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You are here: Home ConChart Examples But what does an SSL connection cost?

But what does an SSL connection cost?

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Naked HTTP

Consider the following setup: an Apache host, configured as a reverse proxy, transfers incoming request (from the internet) towards an internal (local) server.  Using conchart, we get the following:


The lower rectangle is the communication between the client and the reverse proxy, while the upper rectangle represents the communication between the proxy and the backend server.

Again we get some interesting information on the time spent on the different steps: for both connections the 3-way handshake takes a significant amount of time, the proxy waits ±0.3ms before opening the request to the backend server, while it takes ±1ms before the client request is actually being forwarded to the backend, but only a fraction of that is spent to forward the backend's response back to the client.

The following shows a situation where the client is fetching a page containing two other objects:


We notice that the client is using a single connection to the proxy to request all data, whereas the proxy needs 3 separate connections to the backend to fetch everything. The reason for this is that between client and proxy the keepalive feature of HTTP/1.1 is used,  while the backend server doesn't know about keepalive features as it speaks only HTTP/1.0.

We also notice the large blue areas for the second and third request being due to the fact, that for some reason unknown to me, the proxy doesn't send separate, empty acks on the client request (even though the TCP-push flag was set), but immediately answers with the response when it becomes available: (See here as well)

11:58:01.468195 IP > P 118:282(164) ack 560 win 218 <nop,nop,timestamp 2738597096 2740430305>
11:58:01.468447 IP > SWE 1745315649:1745315649(0) win 5840 <mss 1460,sackOK,timestamp 2740430307 0,nop,wscale 6>
11:58:01.468694 IP > SE 3271798259:3271798259(0) ack 1745315650 win 5792 <mss 1460,sackOK,timestamp 227469689 2740430307,nop,wscale 6>
11:58:01.468719 IP > . ack 1 win 92 <nop,nop,timestamp 2740430307 227469689>
11:58:01.468799 IP > P 1:261(260) ack 1 win 92 <nop,nop,timestamp 2740430307 227469689>
11:58:01.469692 IP > . ack 261 win 108 <nop,nop,timestamp 227469689 2740430307>
11:58:01.470340 IP > . 1:1449(1448) ack 261 win 108 <nop,nop,timestamp 227469689 2740430307>
11:58:01.470352 IP > . ack 1449 win 137 <nop,nop,timestamp 2740430308 227469689>
11:58:01.470441 IP > . 1449:2897(1448) ack 261 win 108 <nop,nop,timestamp 227469689 2740430307>
11:58:01.470453 IP > . ack 2897 win 182 <nop,nop,timestamp 2740430308 227469689>
11:58:01.470522 IP > . 560:2008(1448) ack 282 win 108 <nop,nop,timestamp 2740430308 2738597096>
11:58:01.470531 IP > . 2008:3456(1448) ack 282 win 108 <nop,nop,timestamp 2740430308 2738597096>


Anyway, using the -w option for generating this chart gives a better representation of the facts in this case:



Shaking SSL On top

Encryption is cool, and we want some! Lets use SSL between client and proxy for increased security, but not between proxy and backend as we consider our internal network to be sufficiently secure:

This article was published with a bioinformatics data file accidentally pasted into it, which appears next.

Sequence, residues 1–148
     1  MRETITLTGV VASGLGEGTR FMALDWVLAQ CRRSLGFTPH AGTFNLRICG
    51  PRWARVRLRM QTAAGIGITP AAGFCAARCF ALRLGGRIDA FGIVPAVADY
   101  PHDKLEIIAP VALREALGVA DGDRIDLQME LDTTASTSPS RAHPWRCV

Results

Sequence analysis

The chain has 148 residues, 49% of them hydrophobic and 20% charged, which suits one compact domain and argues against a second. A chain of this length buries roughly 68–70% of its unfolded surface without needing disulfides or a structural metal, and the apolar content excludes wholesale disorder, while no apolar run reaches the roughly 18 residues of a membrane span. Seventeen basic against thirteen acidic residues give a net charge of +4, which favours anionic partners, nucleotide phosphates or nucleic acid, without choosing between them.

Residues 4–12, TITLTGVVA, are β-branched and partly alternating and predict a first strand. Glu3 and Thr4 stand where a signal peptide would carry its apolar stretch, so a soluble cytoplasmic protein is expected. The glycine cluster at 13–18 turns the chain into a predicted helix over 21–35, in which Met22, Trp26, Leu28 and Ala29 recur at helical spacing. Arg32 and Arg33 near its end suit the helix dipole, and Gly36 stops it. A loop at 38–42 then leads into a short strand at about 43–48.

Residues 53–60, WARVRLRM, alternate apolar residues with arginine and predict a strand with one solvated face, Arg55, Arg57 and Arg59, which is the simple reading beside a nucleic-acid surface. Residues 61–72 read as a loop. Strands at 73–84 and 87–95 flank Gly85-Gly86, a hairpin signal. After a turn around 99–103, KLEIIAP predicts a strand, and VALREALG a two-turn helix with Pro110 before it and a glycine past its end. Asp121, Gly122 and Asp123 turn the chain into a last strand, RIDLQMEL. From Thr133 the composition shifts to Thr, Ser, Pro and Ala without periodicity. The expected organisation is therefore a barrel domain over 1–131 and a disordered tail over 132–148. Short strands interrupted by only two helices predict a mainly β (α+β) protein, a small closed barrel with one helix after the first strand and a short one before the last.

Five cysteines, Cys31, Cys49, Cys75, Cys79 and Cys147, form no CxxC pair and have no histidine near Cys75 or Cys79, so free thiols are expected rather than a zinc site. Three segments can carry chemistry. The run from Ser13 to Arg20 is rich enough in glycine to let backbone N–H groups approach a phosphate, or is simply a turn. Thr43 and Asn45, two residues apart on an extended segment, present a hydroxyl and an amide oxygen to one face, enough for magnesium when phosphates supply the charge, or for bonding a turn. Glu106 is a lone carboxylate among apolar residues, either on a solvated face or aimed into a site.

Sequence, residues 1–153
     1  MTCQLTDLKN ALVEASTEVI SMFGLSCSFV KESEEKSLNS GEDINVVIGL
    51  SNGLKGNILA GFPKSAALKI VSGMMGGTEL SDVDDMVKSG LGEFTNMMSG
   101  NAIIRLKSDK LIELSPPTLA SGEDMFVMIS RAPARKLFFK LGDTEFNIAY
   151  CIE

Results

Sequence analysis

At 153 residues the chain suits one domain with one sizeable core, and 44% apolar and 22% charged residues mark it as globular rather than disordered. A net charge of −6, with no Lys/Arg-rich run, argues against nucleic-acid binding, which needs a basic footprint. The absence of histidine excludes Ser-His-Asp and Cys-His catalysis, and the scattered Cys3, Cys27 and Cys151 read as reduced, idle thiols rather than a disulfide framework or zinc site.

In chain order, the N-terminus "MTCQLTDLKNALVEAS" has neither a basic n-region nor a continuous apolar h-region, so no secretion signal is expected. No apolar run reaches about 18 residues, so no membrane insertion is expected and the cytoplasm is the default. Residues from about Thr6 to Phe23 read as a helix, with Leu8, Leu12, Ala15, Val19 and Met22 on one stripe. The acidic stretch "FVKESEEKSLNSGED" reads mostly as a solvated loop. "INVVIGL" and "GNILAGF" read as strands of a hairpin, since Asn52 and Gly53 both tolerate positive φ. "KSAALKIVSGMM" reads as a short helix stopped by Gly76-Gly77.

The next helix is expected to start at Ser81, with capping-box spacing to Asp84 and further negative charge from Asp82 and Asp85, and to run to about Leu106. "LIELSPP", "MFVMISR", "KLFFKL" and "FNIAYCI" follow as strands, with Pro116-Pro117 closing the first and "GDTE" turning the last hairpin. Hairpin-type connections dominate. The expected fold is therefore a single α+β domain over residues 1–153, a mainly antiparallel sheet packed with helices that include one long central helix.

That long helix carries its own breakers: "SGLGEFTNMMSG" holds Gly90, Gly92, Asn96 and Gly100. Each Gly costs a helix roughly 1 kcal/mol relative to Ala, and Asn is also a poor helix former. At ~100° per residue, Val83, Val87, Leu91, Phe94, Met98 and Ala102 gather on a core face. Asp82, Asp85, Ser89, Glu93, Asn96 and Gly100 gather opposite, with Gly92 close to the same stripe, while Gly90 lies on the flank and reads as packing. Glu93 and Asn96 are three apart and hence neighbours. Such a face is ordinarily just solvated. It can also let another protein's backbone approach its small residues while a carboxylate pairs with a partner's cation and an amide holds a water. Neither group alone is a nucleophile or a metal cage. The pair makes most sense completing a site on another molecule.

We see that 90% of the is spent on the SSL-handshake between client and server (no data is sent to the backend).  Where a  non-ssl transaction was taking around 6ms, we now spent 115ms. Security comes at a price!

Fairness obliges to admit that the client in the above isn't exactly the most performant one in the pack. Actually its a Pentium III 650Mhz with Linux, where I use wget as the client. The fact that it a Gentoo doens't stop if from being slow really ;-)

The same test with a Core 2 Quad CPU at 2.4Ghz (running Ubuntu, got married with children in the mean time), gives us:


Some extra horsepower makes up, but still the transaction is taking more than 50ms, which is a lot compared to the 6ms we had before. Note how the faster client needs much less time to do his side of the SSL computation, the time spent between the first red bar and the following blue one: around 70ms in the first example for only 12ms in the latter.

So how does this situation look like when we fetch the complete page?


Security definitely comes at a price! Our clients opens a news SSL connection for every object it fetches and the total time is exactly 3 times the amount of time spent on a single transaction. How does those SSL servers get any work done?


Keeping the SSL alive

The reason the SSL hands are shaken so often is because of some ancient Apache setting still lingering around in the default config, which forces HTTP/1.0 for all IE browsers (or wget with user-agent override as in this case ;-). The absence of the keepalive feature forces the client to renegociate the SSL connection for every HTTP request.

The config responsible are the following lines somewhere the SSL specific configuration of apache:

 BrowserMatch ".*MSIE.*" \
    nokeepalive ssl-unclean-shutdown \
    downgrade-1.0 force-response-1.0


 This turns out to be just a little crude towards our IE using friends as it forbits the HTTP/1.1 protocol for every IE browser while only the ancient v4 seems to be having troubles. The following config turns out to be sufficient:

BrowserMatch "MSIE 4\.0b2;" \
         nokeepalive ssl-unclean-shutdown \
         downgrade-1.0 force-response-1.0

 Et voila, performances is where it should be, and we now have a server that will scale...


The complete transfer of the 3 objects clocks in at 77ms which is not to bad for starting at 52ms for a single object.


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